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Blog: Curb Your City's Dogs at a Dog Park

I overheard two moms talking the other day about summer sports camps. One was planning to put her kids into a county-sponsored rec program, and the other hadn't committed yet. The reason? The fields her kids had played on the previous summer were also heavily used by dog owners. "It's not just the poop," said the mom, "it's the fact that the place just stinks."

And so we come to the great dilemma that polarizes communities: to allow dog use or not. Disclosure: I'm the owner of three great dogs, all rescues. I have nothing against dogs, nothing against exercising dogs and certainly nothing against dog owners. But I'm also an athlete who uses fields and I'm a technical writer on issues related to sports facilities, and I can tell you that dogs are very hard on fields, even if their owners clean up the, uh, solid matter.

Dog poops during live baseball match.jpgDog poops during live baseball match.jpg

On the other side of the invisible fence, we have the people who believe it's the right of all dogs everywhere to get regular exercise wherever they (the owners and their dogs) see fit. I'm down with dogs getting regular exercise. I do have a problem with them doing it on the field where I'm about to play Frisbee or volleyball or softball.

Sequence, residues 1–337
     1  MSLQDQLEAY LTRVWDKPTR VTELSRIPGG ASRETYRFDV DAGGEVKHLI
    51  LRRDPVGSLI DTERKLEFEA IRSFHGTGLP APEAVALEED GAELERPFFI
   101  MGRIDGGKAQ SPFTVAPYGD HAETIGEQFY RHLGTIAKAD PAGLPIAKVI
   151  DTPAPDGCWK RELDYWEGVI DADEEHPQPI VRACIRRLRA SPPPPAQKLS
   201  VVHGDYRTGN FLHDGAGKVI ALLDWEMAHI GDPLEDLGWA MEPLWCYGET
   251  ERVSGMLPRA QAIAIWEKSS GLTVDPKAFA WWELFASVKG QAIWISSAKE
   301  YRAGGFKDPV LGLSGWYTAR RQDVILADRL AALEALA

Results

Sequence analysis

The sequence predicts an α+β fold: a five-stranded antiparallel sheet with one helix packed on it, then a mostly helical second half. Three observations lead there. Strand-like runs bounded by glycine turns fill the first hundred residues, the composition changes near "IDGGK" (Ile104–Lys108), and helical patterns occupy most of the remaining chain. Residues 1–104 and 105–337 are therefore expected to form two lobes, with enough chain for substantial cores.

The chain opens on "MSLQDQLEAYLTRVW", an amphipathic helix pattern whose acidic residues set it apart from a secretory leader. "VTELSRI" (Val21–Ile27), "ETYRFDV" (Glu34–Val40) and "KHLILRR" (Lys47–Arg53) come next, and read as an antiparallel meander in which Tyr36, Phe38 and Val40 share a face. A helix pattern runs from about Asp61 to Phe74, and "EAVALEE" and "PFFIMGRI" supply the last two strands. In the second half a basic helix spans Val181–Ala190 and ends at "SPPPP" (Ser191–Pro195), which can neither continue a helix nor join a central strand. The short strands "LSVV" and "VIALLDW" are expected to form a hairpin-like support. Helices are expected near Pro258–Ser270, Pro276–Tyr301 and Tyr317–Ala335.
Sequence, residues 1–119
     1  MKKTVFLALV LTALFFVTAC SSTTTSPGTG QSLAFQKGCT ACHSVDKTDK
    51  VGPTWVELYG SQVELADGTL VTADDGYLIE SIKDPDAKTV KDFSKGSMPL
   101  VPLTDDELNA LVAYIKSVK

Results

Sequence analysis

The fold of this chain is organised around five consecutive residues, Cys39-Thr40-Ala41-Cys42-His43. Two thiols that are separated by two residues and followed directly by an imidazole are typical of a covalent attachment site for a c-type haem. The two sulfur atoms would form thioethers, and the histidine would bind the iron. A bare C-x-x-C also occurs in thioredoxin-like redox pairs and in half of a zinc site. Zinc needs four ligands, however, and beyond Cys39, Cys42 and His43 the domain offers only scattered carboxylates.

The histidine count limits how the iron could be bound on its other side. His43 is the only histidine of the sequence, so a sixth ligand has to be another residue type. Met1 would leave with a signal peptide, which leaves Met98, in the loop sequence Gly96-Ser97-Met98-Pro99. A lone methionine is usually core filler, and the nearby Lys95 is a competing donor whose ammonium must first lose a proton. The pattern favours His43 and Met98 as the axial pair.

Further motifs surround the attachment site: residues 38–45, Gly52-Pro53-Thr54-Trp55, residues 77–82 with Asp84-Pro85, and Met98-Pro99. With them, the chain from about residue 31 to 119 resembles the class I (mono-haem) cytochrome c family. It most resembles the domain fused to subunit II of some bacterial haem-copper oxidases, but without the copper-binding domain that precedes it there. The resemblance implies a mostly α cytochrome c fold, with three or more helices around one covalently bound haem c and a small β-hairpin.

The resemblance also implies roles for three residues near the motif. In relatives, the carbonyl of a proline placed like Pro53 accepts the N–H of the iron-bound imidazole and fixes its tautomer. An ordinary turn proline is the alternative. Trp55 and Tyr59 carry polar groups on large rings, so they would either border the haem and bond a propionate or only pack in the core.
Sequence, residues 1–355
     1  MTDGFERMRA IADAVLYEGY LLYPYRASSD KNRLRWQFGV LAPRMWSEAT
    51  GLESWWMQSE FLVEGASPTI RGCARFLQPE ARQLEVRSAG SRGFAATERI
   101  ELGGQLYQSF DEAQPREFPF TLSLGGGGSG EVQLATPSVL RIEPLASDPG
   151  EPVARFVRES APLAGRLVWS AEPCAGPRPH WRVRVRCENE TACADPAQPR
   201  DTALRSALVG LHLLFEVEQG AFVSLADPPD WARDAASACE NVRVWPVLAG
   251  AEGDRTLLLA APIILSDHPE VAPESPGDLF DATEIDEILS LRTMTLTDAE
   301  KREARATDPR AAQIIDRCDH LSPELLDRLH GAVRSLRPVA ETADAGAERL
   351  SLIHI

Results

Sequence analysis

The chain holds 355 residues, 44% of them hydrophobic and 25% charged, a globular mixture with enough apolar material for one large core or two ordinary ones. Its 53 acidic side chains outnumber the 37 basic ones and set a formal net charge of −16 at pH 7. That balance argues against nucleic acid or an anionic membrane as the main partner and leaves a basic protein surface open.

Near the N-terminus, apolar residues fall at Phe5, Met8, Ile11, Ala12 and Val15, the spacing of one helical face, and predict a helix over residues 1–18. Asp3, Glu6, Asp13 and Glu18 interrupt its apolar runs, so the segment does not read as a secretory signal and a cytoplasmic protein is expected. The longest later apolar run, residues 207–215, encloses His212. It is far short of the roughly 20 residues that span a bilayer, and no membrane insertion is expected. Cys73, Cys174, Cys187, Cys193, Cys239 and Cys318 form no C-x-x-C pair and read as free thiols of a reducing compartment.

Dog owners need to be encouraged to work with local officials to establish their own fenced-in dog parks. Not just hours where dogs can run off-leash in regular parks, and not just unfenced dog-specific areas, since it's been my experience that not all dogs are terribly observant about borders. The sad truth: When dogs are allowed in, athletic facilities suffer.

At the newspaper where I work, several communities have worked to establish dog parks, and I've learned there is nothing that causes louder shouting matches than the question of whether, where and why there should be a dog park. If it weren't so serious, it would be amusing, since there are hot-button political issues that don't generate this level of interest. But once established, the dog parks get great use, and the dog owners become stewards for them.

I can't tell you when or where you need a dog park. But I can tell you that unless you can train your users to keep their dogs on leashes and out of your field, that field will lose every time.

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